Is the Force starting to flag? Or is the time right for another quick spin through that galaxy far, far away?
And just how many Irish people are you likely to meet there because space, or at least the sci-fi space of Star Wars, is becoming an increasingly Irish affair.
From Liam Neeson to Domhnall Gleeson to Skellig Michael to even newcomer Ian Kenny (the young Dubliner who plays a tough as nails character called Rebolt in the latest installment) there's an increasingly green tint to that famous intergalactic saga.
It's been a startling 41 years since the world first met the original charismatic space pirate Han Solo (Harrison Ford) in the first ever Star Wars. That film, which arrived in the age of disco and Saturday Night Fever, literally changed history, becoming the most successful and influential movie ever made, and for decades after becoming the blockbuster by which all the others are judged.
First though let's start with Irish newcomer Ian Kenny, the 20 something redhead who has landed a coveted role in the multimillion dollar new film.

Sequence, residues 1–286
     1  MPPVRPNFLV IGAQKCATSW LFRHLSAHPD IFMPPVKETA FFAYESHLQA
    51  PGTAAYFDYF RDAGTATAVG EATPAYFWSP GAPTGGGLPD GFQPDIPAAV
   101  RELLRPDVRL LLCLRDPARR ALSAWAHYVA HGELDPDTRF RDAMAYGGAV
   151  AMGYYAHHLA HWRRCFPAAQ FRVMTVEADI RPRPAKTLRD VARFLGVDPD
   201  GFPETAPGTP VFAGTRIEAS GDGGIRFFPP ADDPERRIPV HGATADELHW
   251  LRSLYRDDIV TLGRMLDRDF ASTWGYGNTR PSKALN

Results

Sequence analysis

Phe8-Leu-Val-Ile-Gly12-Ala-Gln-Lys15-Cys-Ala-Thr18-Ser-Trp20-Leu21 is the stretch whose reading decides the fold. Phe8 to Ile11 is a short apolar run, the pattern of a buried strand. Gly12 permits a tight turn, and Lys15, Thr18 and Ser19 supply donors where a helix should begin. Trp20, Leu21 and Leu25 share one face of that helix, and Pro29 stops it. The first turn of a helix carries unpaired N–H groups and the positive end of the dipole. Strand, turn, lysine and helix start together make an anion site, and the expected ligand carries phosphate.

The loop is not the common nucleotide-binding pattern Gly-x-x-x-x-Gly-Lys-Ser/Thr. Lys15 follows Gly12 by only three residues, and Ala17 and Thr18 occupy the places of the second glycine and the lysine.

The young Irish actor came to the attention of casting agents in the UK and the US after his breakout performance in the Irish hit film Sing Street, where he played a skin headed bully in the kind of star turn that makes careers.
Now Kenny's new Star Wars credit as Rebolt, a member of an outlaw gang on an alien world will make him a big name from Dublin to Beijing, leading to the kind of exposure that actors can only dream of. Putting Star Wars in your resume means you get instant callbacks, so expect to hear from the latest young Irish screen actor on the rise soon.
But ever since the Millennium Falcon touched down on Skellig Michael just off County Kerry at the end of The Force Awakens to the Jedi training sessions that occurred in Malin Head in County Donegal in The Last Jedi, there's been a bit of a love affair with the old sod in the Star Wars reboots.